My understanding of this is because these versions of PowerShell haven’t been released to Github (we have the changes that have occurred since PowerShell 5.1 was rolled up for WMF 5.1) so changes to them can only be done by the PowerShell team – plus we do need to remember that Server 2016 is still yet to RTM and the Source code for that will have been sealed in preparation for launch. So any fixes to the PowerShell engine included in Server 2016 or the RTM version of WMF 5.1 will come either by hotfixes or a recommendation to upgrade to a stable version of PowerShell 6 once released as we currently have alpha releases available on GitHub.

However For Developers and those that feel comfortable to do so then they can raise issues on Github.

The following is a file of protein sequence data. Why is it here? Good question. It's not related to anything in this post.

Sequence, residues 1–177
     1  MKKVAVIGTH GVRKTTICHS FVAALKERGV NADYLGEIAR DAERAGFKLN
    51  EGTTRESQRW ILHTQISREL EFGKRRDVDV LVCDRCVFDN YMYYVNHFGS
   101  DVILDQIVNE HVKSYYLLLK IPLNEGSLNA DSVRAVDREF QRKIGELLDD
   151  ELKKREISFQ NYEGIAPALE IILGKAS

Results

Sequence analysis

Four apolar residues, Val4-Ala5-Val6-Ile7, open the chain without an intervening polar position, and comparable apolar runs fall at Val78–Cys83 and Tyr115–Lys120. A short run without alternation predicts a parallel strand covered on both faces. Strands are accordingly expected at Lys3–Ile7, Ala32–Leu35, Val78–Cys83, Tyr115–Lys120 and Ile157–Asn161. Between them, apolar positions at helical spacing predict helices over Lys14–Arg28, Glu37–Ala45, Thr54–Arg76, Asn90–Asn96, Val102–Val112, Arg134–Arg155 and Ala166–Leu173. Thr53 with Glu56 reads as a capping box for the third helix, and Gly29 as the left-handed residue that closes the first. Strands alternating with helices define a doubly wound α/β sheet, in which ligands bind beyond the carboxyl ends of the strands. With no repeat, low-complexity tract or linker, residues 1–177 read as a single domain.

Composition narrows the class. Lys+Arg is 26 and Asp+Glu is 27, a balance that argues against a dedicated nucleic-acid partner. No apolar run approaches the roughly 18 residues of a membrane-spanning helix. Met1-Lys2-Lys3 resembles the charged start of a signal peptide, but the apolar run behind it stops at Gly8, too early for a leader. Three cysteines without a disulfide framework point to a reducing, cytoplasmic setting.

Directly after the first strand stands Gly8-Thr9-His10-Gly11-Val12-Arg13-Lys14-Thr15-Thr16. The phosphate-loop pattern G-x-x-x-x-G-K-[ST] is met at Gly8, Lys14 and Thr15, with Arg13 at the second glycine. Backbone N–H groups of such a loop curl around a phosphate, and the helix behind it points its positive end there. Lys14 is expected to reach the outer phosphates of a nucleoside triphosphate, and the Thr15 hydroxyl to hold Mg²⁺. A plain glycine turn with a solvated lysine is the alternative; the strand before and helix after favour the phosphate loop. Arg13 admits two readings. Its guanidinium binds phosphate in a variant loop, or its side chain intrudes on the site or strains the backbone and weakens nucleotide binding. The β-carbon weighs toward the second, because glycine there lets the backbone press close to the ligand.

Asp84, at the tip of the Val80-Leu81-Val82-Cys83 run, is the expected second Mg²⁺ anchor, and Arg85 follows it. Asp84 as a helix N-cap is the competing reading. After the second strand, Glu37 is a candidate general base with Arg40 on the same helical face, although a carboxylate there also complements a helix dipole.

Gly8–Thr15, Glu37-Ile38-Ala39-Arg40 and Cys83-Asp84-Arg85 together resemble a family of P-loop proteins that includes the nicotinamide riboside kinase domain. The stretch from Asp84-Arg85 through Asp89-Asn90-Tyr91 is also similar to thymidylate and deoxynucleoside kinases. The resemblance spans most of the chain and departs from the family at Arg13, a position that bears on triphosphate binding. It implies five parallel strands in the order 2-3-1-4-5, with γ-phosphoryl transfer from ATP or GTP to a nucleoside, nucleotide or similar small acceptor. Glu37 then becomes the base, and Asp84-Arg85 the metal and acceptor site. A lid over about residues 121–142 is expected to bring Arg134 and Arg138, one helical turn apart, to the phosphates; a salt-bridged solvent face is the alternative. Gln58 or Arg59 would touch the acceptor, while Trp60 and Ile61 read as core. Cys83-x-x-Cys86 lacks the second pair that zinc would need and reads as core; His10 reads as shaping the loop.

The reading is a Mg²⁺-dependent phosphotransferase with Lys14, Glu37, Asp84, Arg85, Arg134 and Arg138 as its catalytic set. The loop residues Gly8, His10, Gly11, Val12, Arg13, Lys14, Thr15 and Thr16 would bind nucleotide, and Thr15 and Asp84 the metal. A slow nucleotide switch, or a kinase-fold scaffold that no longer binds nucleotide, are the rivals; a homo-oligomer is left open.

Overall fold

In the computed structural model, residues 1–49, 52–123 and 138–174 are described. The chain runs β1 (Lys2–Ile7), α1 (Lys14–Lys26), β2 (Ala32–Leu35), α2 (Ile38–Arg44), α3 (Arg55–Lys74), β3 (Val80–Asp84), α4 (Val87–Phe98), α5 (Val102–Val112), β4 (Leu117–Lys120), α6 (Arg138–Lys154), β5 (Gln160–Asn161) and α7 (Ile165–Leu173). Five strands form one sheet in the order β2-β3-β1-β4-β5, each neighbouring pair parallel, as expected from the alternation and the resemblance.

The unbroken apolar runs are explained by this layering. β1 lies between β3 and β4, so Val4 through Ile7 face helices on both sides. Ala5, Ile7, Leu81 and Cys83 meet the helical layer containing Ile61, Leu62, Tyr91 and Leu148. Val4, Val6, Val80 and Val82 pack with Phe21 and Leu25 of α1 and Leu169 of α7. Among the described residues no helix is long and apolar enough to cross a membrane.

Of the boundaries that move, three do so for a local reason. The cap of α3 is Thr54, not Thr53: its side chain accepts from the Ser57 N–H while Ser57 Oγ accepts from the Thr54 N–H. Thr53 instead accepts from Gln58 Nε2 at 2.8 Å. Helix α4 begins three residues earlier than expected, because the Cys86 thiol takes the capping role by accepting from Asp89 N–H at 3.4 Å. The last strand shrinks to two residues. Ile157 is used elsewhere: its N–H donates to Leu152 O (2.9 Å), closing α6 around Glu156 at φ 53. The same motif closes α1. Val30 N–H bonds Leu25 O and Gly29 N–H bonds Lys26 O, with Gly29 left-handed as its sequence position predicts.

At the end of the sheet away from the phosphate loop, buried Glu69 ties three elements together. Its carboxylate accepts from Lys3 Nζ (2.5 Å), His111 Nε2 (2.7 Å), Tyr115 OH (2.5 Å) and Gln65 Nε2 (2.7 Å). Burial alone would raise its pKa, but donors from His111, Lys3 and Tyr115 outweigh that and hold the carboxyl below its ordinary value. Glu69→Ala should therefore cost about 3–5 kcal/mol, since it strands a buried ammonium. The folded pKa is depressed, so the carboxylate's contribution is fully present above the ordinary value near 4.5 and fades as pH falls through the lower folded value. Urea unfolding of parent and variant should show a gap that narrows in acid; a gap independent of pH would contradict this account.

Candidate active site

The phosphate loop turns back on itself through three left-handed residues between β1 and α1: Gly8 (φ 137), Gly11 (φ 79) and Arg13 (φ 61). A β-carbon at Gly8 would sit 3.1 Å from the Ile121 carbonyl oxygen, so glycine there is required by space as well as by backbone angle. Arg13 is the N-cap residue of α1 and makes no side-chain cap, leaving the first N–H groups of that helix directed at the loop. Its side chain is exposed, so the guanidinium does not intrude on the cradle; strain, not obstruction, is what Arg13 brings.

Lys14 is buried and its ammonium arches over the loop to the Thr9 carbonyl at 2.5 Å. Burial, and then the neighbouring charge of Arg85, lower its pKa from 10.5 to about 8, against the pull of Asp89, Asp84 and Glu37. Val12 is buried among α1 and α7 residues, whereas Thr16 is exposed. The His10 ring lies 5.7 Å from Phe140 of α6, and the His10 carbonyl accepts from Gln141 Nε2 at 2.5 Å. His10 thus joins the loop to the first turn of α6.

This is where current guidance from the PowerShell team could easily bring a little confusion to some but we have to remember that this is new ground for the PowerShell Team so they will need to have some time to sort out how they work with the different streams. It is likely (& I’m just speculating here) that the team has an internal consolidated issue tracker that tracks UserVoice and all of the PowerShell Repo’s, however be on the look out for a blog post from the PowerShell team at https://blogs.msdn.microsoft.com/powershell in the next few weeks where they will be detailing how they interact with the community across these mediums.

 

So What does the future hold for PowerShell?

 

Over the course of the upcoming months we will see a number of further alpha releases as well as a stronger emphasis on making use of the PowerShell RFC Process for any changes to how the PowerShell Engine works. The PowerShell RFC Process can be found at https://github.com/PowerShell/PowerShell-RFC and there are a few new additions to this already from outside of the PowerShell Team.